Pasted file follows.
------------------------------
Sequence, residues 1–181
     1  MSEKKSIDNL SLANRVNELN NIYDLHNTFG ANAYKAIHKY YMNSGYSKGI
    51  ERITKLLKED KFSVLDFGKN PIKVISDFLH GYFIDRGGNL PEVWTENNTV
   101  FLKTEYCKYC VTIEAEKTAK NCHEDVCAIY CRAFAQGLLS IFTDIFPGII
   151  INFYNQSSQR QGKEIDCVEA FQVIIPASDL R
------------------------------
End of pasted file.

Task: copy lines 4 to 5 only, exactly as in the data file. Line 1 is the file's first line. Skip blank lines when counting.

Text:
   101  FLKTEYCKYC VTIEAEKTAK NCHEDVCAIY CRAFAQGLLS IFTDIFPGII
   151  INFYNQSSQR QGKEIDCVEA FQVIIPASDL R